Companies are also finding value in making their products closer to their customers. Shipping costs are a major consideration, as are import duties and quality control. Many companies are said to be driving the return of manufacturing to the U.S., including:

  • Wal-Mart: It claimed in 2013 it would purchase an additional $250 billion of U.S. products over next 10 years, an amount that Boston Consulting Group claims could fund up to one million American jobs.
  • Apple: It is also pushing a "Made in the U.S.A" effort and said it would bring some Mac production to the U.S. with an investment of $100 million.
  • The Manufacturing Institute: It indicates that American wages, raw materials and capital costs (excluding taxes, regulatory compliance and other “structural" costs), is 9% lower than the average raw cost of production among America’s nine largest trading partners. This compares to costs being 20% higher in 2003.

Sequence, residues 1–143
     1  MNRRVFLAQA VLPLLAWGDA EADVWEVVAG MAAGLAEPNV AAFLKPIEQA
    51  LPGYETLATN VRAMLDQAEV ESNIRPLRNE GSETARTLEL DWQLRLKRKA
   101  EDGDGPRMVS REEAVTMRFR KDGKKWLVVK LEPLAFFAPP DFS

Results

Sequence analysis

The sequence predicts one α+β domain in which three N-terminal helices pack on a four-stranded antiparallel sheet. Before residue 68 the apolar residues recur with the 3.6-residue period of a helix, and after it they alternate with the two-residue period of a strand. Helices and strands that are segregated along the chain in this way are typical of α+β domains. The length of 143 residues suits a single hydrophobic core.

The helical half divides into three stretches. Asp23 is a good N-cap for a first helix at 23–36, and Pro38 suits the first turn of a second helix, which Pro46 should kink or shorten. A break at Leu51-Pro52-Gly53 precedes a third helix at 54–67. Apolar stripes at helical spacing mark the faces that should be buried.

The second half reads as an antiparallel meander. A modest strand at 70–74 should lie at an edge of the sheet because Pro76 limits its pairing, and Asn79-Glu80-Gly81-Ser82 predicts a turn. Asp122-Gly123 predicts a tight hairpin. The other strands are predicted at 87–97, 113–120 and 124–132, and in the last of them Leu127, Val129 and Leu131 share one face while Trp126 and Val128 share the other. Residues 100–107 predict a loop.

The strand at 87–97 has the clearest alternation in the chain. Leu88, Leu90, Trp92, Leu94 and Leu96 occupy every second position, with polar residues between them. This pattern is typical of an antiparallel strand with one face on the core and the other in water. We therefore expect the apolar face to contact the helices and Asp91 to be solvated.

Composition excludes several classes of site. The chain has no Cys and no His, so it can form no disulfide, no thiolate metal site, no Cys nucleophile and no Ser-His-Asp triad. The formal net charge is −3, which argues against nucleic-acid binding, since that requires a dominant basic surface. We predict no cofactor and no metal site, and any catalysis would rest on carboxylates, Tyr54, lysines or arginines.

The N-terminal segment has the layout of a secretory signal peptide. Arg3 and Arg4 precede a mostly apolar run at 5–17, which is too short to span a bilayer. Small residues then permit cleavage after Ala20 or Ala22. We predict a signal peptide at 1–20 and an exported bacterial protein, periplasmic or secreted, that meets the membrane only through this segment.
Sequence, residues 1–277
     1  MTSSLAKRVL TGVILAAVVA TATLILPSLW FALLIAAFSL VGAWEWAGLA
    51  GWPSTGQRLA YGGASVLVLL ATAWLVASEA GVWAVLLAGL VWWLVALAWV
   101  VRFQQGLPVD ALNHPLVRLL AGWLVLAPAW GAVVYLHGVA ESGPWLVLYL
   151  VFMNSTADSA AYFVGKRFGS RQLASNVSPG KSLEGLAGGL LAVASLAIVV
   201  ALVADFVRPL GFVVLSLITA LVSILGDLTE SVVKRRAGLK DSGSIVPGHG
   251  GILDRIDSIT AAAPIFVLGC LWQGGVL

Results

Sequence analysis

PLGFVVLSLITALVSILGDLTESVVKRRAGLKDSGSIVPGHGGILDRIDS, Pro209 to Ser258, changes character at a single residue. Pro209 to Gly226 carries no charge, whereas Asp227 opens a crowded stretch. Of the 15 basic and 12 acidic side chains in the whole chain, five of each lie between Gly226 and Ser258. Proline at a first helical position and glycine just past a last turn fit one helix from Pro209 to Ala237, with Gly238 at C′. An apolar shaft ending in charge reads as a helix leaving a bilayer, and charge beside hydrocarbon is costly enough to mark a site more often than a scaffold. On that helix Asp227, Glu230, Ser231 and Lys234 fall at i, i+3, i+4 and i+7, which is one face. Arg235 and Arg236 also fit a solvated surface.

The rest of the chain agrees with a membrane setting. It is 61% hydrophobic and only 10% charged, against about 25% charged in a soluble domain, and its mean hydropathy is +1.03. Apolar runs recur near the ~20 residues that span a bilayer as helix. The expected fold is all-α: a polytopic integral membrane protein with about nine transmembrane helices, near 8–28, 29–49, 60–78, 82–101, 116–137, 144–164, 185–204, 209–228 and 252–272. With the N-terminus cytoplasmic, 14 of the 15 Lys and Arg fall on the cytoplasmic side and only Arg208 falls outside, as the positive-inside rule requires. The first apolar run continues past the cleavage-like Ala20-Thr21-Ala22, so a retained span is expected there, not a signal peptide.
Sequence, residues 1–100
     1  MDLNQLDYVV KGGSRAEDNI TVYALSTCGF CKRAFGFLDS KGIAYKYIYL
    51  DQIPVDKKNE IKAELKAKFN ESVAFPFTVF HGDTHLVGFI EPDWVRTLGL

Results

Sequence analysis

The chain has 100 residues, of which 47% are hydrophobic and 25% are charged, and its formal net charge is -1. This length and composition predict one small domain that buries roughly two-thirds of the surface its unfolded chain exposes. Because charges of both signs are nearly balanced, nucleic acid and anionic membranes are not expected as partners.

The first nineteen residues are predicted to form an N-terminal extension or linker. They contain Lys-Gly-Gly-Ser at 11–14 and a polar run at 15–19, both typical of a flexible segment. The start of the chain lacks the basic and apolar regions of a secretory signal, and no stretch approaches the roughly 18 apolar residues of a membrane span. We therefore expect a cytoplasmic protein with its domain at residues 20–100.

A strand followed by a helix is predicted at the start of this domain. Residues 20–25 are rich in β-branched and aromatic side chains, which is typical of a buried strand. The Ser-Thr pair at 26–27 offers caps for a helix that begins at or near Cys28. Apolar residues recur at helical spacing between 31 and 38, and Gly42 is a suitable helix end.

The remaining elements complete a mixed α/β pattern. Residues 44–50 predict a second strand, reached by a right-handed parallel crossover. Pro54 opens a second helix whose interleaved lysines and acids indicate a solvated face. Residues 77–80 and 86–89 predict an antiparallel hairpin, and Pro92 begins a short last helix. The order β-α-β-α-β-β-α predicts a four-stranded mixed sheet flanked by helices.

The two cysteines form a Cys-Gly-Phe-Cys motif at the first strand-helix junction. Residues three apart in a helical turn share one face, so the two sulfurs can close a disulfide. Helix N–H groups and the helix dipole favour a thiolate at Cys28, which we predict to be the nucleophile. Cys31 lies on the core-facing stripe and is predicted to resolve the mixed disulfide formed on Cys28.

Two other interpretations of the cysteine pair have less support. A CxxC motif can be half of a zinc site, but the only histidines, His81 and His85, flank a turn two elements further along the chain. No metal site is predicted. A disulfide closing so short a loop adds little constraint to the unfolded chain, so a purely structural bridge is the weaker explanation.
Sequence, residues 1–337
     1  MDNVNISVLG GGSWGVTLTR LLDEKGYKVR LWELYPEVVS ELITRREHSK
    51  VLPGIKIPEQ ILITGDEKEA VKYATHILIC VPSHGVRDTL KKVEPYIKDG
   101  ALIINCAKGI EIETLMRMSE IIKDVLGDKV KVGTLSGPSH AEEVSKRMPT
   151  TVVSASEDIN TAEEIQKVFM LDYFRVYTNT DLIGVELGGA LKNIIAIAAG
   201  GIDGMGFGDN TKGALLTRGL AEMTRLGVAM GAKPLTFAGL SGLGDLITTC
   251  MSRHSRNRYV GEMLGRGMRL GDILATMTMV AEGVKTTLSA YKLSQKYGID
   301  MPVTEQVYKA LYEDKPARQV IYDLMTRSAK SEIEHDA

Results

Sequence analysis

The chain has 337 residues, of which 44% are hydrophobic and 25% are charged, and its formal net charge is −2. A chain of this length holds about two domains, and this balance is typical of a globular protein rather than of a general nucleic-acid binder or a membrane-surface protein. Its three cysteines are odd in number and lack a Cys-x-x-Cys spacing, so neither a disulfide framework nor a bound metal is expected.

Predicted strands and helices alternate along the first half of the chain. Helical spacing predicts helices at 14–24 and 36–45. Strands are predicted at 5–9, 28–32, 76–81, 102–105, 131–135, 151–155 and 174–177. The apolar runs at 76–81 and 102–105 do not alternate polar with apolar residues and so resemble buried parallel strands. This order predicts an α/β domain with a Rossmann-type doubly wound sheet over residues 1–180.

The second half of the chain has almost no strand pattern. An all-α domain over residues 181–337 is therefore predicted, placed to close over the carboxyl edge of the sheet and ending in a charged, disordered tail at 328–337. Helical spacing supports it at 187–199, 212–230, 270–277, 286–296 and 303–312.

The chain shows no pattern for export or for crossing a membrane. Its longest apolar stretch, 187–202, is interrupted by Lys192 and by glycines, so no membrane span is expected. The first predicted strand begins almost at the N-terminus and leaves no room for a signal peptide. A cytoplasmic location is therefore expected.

• The Reshoring Initiative: This nonprofit trade organization claims that 100,000 manufacturing jobs have returned to the U.S. from overseas in the past five years, and 60% are from China. Adding U.S. plant openings by foreign direct investment from those headquartered elsewhere, the number jumps to 2.5 times that number.
  • Boston Consulting Group: It conducted a 2015 survey of U.S. manufacturing executives, and 31% say their companies are actively re-shoring and production had increased by 9% since the previous year’s survey, and 250% since 2012.

Evidence that it isn’t all rosy

Three top companies are continually touted as bringing work back, including Caterpillar, GM and GE. Each has re-shored some of their manufacturing during the past few years.

For example, Caterpillar claims it re-shored 2,100 jobs from Japan and Mexico to Georgia and Texas. The company’s Victoria plant that manufactured hydraulic excavators since 2012 will now add vocational truck manufacturing. In 2013, the company opened a brand-new facility just outside of Athens, Georgia. The new facility will shift manufacturing jobs from Japan and employ roughly 1,400 Americans building tractors and excavators. But that’s not the whole story.